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Here’s what you need to do to pay off that big credit card debt

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This is yet another example of how the economic recovery from the pandemic has been uneven: while overall credit card debt is falling, others see their balances explode in huge numbers.

Money Management International, a nonprofit credit counseling agency, recently analyzed the credit card balances of tenants who applied for financial assistance from the organization. Renters have been particularly hard hit by the pandemic, and federal aid allocated by Congress to deal with their crisis has been painfully slow to reach households. More than a third of Americans are tenants.

The typical tenant seeking help from the agency had around $ 3,000 in credit card debt in 2019, International Money Management found. The average balance to date in 2021 is closer to $ 25,000.

Other agencies that help people in financial difficulty report the same.

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“We see people who have $ 20,000, $ 30,000 and $ 40,000 in credit card debt,” said Bruce McClary, spokesperson for the National Foundation for Credit Counseling.

Balances this high can take decades to pay off, experts say.

If someone made only the minimum monthly payments on a credit card with a balance of $ 25,000, charging the average annual rate of 16.22%, it would take them almost 30 years to get rid of that debt, and he will have paid over $ 32,500 in interest at the end, according to an example provided by Ted rossman, Industry Analyst at CreditCards.com.

The minimum payment on this balance would start at around $ 588 per month and decrease over time as the balance decreases.

One way to speed up the repayment, Rossman said, would be to continue paying the higher initial minimum payment.

“This would reduce their repayment period to just over five years,” he said. “And their interest charge would be $ 12,443.”

For people who owe such large balances, Rossman recommends contacting a nonprofit credit counselor. International Money Management, Green Way and other members of the National Foundation for Credit Counseling are options.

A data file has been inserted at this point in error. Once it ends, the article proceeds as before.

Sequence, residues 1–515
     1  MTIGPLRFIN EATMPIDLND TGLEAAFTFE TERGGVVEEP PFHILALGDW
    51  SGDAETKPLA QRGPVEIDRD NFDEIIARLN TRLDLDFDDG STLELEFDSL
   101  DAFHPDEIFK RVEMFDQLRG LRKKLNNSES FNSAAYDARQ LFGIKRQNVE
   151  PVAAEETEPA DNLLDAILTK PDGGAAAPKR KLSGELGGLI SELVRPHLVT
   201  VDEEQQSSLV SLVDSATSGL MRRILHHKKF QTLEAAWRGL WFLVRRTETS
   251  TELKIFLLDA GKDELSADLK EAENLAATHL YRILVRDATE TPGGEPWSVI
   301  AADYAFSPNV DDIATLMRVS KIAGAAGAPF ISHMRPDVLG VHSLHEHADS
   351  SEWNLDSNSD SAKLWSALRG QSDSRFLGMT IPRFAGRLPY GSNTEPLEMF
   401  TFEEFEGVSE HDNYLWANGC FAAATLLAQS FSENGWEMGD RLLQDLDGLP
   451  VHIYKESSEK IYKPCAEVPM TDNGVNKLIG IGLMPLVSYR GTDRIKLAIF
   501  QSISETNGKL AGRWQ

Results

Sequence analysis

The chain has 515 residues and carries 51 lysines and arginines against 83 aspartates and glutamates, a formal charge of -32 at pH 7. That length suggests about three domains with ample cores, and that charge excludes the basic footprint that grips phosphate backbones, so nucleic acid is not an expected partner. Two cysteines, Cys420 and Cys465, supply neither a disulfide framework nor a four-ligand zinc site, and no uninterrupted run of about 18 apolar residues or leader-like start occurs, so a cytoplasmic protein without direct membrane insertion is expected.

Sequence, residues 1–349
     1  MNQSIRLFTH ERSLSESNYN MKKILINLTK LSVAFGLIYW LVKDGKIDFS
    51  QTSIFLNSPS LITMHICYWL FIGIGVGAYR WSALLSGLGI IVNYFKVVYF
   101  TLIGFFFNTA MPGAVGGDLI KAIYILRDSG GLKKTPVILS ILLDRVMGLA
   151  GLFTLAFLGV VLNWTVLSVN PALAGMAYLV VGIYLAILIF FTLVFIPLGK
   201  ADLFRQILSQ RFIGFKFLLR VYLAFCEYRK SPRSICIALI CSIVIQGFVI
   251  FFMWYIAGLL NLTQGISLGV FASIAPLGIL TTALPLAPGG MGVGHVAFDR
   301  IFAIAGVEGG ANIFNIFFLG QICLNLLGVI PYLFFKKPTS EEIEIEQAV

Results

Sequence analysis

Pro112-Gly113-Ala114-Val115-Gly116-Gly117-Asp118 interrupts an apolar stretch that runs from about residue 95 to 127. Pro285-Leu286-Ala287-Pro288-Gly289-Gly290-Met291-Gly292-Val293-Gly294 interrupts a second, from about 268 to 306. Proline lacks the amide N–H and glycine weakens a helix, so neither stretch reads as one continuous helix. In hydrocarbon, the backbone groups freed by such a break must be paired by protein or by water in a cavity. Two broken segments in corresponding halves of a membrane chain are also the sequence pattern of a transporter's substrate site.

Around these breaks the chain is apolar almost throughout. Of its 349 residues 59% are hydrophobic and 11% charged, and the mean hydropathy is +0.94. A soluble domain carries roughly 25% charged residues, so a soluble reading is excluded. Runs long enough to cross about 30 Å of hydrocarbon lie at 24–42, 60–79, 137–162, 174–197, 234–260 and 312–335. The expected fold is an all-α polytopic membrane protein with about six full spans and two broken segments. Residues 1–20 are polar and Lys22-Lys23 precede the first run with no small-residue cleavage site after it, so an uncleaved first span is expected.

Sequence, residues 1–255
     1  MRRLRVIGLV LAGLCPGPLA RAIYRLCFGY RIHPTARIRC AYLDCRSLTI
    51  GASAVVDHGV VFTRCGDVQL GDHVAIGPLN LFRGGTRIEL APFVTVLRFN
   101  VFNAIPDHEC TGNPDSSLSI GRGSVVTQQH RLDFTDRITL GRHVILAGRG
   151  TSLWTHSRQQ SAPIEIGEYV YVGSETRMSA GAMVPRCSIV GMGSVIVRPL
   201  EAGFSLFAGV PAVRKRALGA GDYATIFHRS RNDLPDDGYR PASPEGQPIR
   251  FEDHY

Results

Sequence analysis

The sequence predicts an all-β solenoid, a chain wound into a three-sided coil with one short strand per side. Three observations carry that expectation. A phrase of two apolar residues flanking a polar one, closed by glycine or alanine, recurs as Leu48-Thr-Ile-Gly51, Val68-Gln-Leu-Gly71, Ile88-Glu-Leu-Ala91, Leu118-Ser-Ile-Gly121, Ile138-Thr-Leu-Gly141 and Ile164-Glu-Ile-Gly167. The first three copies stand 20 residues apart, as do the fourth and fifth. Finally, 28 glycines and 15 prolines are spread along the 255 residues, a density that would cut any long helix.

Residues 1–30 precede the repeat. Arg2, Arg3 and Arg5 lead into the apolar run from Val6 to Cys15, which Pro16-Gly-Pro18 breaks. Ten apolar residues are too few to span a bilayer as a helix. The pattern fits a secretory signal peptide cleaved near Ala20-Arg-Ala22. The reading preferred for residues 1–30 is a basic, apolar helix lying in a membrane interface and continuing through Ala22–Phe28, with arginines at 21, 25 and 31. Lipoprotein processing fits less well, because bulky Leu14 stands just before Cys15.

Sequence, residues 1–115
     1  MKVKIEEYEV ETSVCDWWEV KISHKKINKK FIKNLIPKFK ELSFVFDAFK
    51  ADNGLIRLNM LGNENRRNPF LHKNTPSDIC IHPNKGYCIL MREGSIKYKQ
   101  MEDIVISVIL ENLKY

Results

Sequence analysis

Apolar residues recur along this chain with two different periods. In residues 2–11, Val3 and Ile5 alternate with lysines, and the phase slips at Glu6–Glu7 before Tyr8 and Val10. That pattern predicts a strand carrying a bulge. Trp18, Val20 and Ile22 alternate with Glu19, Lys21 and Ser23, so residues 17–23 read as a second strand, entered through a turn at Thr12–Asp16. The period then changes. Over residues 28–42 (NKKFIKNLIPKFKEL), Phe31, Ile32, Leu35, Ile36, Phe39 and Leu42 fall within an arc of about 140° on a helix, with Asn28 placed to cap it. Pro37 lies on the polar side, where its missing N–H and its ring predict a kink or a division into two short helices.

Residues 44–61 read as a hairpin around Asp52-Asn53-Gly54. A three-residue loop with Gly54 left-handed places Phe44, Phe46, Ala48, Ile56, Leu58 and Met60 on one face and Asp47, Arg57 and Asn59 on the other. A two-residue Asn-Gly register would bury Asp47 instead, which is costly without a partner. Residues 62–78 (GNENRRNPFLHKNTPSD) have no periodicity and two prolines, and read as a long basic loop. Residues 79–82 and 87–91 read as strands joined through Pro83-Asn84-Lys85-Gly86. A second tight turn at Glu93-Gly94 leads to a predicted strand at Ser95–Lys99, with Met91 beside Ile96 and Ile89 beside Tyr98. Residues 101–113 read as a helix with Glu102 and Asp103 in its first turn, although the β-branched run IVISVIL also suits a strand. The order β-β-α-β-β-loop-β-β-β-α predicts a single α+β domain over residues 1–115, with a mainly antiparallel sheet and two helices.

“They can provide helpful advice and negotiate with creditors on your behalf,” Rossman said.

For example, he said it’s common for people to get a more manageable repayment plan, through credit counseling, “something like a 7% five-year interest rate.”

More often than not, the people we see have financial hardship far beyond their control.

Bruce mcclary

spokesperson for the National Foundation for Credit Counseling

Under these fixed terms, a person making payments on a balance of $ 25,000 would be debt-free in five years and pay only $ 4,700 in interest.

Be prepared for some credit counselors to charge a fee for their help, although those costs are usually worth it when you consider the interest they can save you from paying, experts say.

Another option for people with good credit is to take out a personal loan to pay off your credit card debt, Rossman said.

You will still be required to make monthly payments, but hopefully for less time, as interest rates on personal loans can be as low as 5% or 6%, compared to annual fees of 16% or more on credit cards.

Those with good credit can also transfer their debt to a 0% balance transfer card.

These cards give you a number of months in which no interest is charged. If you have found one with a period of 20 months, and paid $ 1,250 a month, for example, your $ 25,000 balance would be gone in less than two years.

“Be careful, the interest rate varies from 14.49% to 24.49% after the promotion ends at 0%,” Rossman said.

Many are also likely to wait for the economic recovery to hit them so that they can pay off their debts in a meaningful way.

“More often than not, the people we see have financial problems far beyond their control,” McClary said. “Much of the expense that takes place is out of necessity.”


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